Definition:Hilbert Space

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Let $V$ be an inner product space over $\Bbb F \in \left\{{\R, \C}\right\}$.

Let $d: V \times V \to \R_{\ge 0}$ be the metric induced by the inner product norm $\left\Vert{\cdot}\right\Vert_V$.

If $\left({V, d}\right)$ is a complete metric space, $V$ is said to be a Hilbert space.

The Hilbert space $V$ may be considered as one of the following:

The complete inner product space $\left({V, \left\langle{\cdot, \cdot}\right\rangle_V}\right)$
The Banach space $\left({V, \left\Vert{\cdot}\right\Vert_V}\right)$
The topological space $\left({V, \tau_d}\right)$ where $\tau_d$ is the topology induced by $d$
The vector space $\left({V, +, \circ}\right)_{\Bbb F}$

That is to say, all theorems and definitions for these types of spaces directly carry over to all Hilbert spaces.

Standard Notation

In most of the literature, when studying a Hilbert space $H$, unless specified otherwise, it is understood that:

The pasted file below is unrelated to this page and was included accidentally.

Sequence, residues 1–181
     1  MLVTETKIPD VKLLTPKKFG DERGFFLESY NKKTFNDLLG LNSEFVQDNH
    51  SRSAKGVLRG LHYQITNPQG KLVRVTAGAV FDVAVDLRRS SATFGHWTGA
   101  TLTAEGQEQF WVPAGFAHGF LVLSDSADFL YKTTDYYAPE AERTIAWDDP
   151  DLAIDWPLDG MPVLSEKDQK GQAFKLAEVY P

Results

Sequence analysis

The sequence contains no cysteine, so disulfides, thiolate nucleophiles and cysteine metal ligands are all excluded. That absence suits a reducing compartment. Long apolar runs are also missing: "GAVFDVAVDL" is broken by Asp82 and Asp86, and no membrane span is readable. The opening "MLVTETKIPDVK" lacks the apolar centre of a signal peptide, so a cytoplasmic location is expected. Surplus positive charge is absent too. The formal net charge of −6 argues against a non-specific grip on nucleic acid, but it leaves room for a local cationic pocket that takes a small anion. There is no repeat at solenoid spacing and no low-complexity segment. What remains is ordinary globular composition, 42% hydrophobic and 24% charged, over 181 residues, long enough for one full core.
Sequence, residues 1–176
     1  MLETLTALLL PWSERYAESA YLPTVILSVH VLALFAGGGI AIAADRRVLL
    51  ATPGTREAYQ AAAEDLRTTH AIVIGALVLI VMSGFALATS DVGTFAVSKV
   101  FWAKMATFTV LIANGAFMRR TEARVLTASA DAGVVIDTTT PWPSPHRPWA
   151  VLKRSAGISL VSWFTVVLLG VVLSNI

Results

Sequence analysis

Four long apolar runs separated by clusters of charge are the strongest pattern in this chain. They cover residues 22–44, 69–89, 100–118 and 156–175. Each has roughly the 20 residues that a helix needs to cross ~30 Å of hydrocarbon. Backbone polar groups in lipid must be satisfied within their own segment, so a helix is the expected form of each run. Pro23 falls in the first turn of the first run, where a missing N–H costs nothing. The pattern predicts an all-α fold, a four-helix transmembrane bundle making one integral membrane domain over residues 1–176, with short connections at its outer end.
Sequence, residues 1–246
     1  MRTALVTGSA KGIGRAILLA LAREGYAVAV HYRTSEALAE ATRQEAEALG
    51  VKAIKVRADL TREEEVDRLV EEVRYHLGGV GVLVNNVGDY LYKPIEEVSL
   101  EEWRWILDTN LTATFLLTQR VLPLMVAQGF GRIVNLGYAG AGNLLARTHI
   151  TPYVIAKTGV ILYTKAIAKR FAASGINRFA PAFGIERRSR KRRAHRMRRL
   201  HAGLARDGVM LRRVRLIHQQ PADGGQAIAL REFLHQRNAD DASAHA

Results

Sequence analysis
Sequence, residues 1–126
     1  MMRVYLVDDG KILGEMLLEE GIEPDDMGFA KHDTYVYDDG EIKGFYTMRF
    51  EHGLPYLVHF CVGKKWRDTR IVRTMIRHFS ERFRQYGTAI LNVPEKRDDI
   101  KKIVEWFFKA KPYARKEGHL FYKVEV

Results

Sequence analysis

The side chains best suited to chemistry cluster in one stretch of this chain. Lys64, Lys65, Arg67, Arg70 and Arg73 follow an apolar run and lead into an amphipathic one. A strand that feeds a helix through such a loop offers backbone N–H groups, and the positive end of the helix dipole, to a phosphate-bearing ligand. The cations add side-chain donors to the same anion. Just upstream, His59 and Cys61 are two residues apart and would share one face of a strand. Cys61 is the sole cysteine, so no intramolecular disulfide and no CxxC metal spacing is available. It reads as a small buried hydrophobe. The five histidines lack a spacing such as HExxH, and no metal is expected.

$\left\langle{\cdot, \cdot}\right\rangle$ or $\left\langle{\cdot, \cdot}\right\rangle_H$ denotes the inner product on $H$
$\left\|{\cdot}\right\|$ or $\left\|{\cdot}\right\|_H$ denotes the inner product norm on $H$

where the subscripts serve to emphasize the space $H$ when considering multiple Hilbert spaces.

Make sure to understand the precise definition of (especially) the inner product.

Furthermore, the parentheses around the argument of linear functionals and linear transformations on $H$ are often suppressed for brevity.

Make sure to understand which symbols denote scalars, operators and functionals, respectively.

Also see

Historical Note

Hilbert spaces were among the first attempts to generalise the Euclidean spaces $\R^n$.

Study of these objects eventually led to the development of the field of functional analysis.

Source of Name

This entry was named for David Hilbert.